By Amanda Noz, Marketing Director, Alcatel-Lucent
Yoga has been in the news lately and for network operator strategists, who may be feeling more like pretzels than yogis as they try to twist this way and that to accommodate rapid changes in the value chain, the idea of letting go of strict control over their networks and opening up to a world of potential security threats is anything but relaxing. Yet network operators who ignore these changes, risk falling out of the whole chain of innovation and in the process, defaulting to a commodity utility business, rather than maximizing their revenue streams as innovative and differentiated customer experience providers.
So how do you bring these two opposing views into alignment?
Today network operators who operate the broadband data networks (wireline and wireless) have thinner margins than in the past, while at the same time; all kinds of new players are making money by creating new applications that we did not even know we needed to run on the networks. Innovation brings disruption and disruption brings opportunities and threats. It transforms application and content value chains.
The telecom business is evolving from selling network connections to a more complex circular value chain with all kinds of transactions happening on their networks that are creating an immense value chain, especially in the world of business and enterprise.
The real top-line opportunity is in opening networks to innovation from other value chain players to use their particular expertise to create new things with the exposed abilities of the network at a price. For example, what if Netflix were to cut a deal with the carrier to provide QoS for a premium monthly charge? The network operators start to get a slice of that revenue pie. Imagine further that all kinds of different capabilities such as location, presence, security, content caching and delivery are made available to developer communities and enterprises and the carrier is compensated per transaction? Their business moves from connectivity to transaction fees over time.
This is analogous to how Apple is leveraging APIs to increase their core business. Twitter had 11 billion API calls per day (May 2011) and Amazon has over 260 billion objects stored in S3 (May 2011) and even Netflix had 10 billion API calls per month at the start of 2011, according to Programmable Web (a company recently acquired by Alcatel-Lucent). Like Apple the internet players all use APIs to support their core business models.
Google is a good case in point. APIs give Google traffic, more traffic gets Google access to targeted traffic as they understand how people are using specific applications and can potentially segment according to the information that the application uses. This subscriber intelligence leads to more effectiveness in their advertising which leads to more money being generated through their search/advertising business. No wonder Google has announced $1 billion in mobile revenue.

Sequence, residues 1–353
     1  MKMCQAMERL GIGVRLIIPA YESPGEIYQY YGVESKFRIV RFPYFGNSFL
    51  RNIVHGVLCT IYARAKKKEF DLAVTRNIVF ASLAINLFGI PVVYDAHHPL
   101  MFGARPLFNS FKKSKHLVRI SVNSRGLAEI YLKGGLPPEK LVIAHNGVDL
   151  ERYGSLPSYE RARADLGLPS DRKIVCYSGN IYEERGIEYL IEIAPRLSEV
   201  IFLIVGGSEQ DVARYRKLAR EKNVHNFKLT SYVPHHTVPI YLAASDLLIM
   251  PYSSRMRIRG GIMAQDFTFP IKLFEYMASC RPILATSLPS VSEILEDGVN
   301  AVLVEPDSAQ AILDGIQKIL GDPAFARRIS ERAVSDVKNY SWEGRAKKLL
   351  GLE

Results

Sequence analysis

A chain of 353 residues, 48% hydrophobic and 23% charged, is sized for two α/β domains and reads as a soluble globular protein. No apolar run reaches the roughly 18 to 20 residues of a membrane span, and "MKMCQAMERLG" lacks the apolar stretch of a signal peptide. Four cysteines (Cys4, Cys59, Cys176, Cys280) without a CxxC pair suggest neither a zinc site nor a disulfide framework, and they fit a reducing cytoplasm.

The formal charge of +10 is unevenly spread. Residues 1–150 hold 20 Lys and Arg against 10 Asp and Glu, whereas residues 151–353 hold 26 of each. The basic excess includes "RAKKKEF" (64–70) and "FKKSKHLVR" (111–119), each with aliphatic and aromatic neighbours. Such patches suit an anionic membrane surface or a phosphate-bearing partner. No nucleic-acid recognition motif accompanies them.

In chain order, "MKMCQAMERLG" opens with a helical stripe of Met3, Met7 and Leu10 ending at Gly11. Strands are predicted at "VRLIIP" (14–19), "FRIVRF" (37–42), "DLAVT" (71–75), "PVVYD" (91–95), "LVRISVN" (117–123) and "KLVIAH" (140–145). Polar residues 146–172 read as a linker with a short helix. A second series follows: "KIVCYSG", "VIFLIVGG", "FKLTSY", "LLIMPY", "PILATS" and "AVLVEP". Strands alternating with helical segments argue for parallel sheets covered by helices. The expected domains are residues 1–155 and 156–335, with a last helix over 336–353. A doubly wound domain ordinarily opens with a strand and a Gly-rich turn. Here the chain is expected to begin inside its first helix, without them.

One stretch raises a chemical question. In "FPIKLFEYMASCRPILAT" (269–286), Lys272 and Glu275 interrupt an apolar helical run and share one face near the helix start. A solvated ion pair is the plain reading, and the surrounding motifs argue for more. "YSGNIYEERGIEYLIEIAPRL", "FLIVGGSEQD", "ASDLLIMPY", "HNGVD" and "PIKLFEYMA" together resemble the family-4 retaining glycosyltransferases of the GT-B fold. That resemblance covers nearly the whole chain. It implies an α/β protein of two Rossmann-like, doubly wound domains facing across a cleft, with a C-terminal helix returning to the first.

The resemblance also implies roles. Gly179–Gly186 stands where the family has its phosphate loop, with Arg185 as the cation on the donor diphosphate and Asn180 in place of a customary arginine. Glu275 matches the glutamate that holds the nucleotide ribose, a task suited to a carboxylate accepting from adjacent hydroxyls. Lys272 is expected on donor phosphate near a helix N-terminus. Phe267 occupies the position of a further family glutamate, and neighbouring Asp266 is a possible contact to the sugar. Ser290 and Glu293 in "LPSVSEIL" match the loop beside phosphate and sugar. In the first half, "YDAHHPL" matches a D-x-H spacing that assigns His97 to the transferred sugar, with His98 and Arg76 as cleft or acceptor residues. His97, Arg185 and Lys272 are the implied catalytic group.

Similarly, eBay uses traffic from transaction APIs to pay for the core auctioning business. There is huge value in understanding and playing in this new market with many different types of developers: all the way from large enterprises and development houses to the stereotypical “in the garage” developers working on the next popular “must-have” application.
To understand the speed at which this market changes, look no further than the Kindle Fire from Amazon. Released on Nov 15th, 2011, by early December, it was already the second best selling tablet! In just a few WEEKS it leapt over all other tablet suppliers except the market leader, Apple, with the ubiquitous iPad. Looking at the iPad, its use is proliferating across many industries in innovative and previously unimaginable ways. It is even becoming popular with parents as a must-have gift for the 2011 holiday season. And, iPad capabilities are being integrated into toys . This market doesn’t just require more flexibility from operators; it also demands agility, speed, imagination and the ability to strategically change business models rapidly in response to extremely rapid market demand changes.
For network operators, this requires an integrated plan to use network intelligence and to nurture an ecosystem that allows service creation by outside developers and enterprises without compromising the security of the network or their customer data. Network operators essentially need to evolve up the OSI (Open Systems Interconnection) stack. In addition to providing the physical telecom network, network management and OSS/BSS services, the network operator now needs to provide a platform and APIs for securely integrating applications from application and content providers, developers and enterprises in order to enhance the services that they can offer to their end-users - thereby increasing the value of the network core business (the network and communications services) and by extension, their revenue opportunities.
In yoga, stretching and letting go leads to stronger muscles. Could the same be true for Network Operators? By expanding their ecosystem and sphere of influence, their business models and revenue becomes more robust and flexible too.
This is a paradigm change, not just an inversion. It is not a case of evolving the network to 4G and then thinking about what services to offer on it after the fact, nor is it a case of developing 4G services behind closed doors and then upgrading the network to support them. Both of these approaches miss the point. It is about developing an ecosystem that includes everything needed to enable innovation and finding new ways to get paid for it– wherever in the value chain it comes from and making sure that in the provision of that ecosystem are APIs with business models that will enable network operators to get a fair share of revenue for services offered.